Yemen war: UN appeals to Houthi rebels over aid
The UN says food aid is being diverted by some corrupt and uncooperative officials in Houthi-held areas of Yemen, where millions of people are believed to be on the verge of famine.
David Beasley, head of the World Food Programme (WFP), told the BBC the agency's efforts to reach people in need were being repeatedly blocked.
He said he hoped "good Houthi leaders" would prevail over the corrupt ones.
On Monday, the agency warned of a possible suspension of aid delivery.
Yemen is the worst humanitarian crisis in the world currently and some 12 million people - almost 40% of the population - are on the brink of starvation, according to Mr Beasley. Most of those most in need are in Houthi-controlled areas.
Mr Beasley said that his unusual public criticism could backfire, with Houthi leaders providing even less access to humanitarian workers, but that children were dying as a result of this "desperate, desperate situation".
"This violates the most fundamental international standards of humanitarian principles because innocent people are suffering from food diversion, theft, corruption," said Mr Beasley, who last year criticised the Saudi-led coalition for a blockade stopping vital assistance from reaching Yemen.
"I know all the Houthis and the Houthi leaders aren't like that. There are good Houthi leaders and I hope they can prevail."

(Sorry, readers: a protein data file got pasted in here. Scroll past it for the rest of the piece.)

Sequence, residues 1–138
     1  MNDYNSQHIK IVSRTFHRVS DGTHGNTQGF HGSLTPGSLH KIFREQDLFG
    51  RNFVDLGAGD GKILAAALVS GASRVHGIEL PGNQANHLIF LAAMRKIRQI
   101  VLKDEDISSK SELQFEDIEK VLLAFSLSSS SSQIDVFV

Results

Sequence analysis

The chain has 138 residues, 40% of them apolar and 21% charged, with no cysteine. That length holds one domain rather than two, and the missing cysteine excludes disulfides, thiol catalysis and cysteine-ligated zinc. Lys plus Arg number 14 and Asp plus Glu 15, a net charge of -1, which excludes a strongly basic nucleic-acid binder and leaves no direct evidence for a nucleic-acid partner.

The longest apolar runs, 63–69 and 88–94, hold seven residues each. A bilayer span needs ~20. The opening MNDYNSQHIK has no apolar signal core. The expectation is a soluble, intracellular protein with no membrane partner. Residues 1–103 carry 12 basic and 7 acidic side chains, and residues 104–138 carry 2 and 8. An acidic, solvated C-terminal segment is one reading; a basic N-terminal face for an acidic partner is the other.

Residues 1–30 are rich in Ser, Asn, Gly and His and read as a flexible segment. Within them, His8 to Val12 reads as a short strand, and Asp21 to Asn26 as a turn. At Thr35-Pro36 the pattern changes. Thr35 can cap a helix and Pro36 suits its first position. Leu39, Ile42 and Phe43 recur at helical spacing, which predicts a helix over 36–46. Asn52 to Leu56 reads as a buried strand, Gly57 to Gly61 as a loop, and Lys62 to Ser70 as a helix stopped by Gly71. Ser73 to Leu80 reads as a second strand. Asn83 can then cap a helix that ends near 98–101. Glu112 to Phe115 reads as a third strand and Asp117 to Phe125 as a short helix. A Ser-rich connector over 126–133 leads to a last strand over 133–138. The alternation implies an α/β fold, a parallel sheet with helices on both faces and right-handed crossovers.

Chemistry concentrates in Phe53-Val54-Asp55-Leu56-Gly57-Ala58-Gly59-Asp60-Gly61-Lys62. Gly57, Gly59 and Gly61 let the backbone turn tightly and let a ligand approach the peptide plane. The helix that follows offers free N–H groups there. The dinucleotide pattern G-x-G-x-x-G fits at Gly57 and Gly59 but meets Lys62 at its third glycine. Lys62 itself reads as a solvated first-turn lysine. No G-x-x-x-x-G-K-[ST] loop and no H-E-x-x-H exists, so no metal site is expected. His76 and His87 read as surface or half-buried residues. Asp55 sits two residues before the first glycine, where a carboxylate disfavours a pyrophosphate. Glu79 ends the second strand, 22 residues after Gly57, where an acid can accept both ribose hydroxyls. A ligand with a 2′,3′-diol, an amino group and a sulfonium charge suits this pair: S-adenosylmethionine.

On Monday, the WFP said its teams were being denied access to people in need, convoys had been blocked and local officials were interfering with food distribution, warning of a phased suspension of aid.
Earlier this month, rebels pulled out of three key Red Sea ports - Hudaydah, Salif and Ras Issa - in partial implementation of a ceasefire deal agreed last December, according to the UN.
This could allow vital humanitarian aid into the country.
The UN says at least 7,070 civilians have been killed and 11,205 injured since the conflict in Yemen started in 2015, with 65% of the deaths attributed to Saudi-led coalition air strikes.
Thousands more civilians have died from preventable causes, including malnutrition, disease and poor health.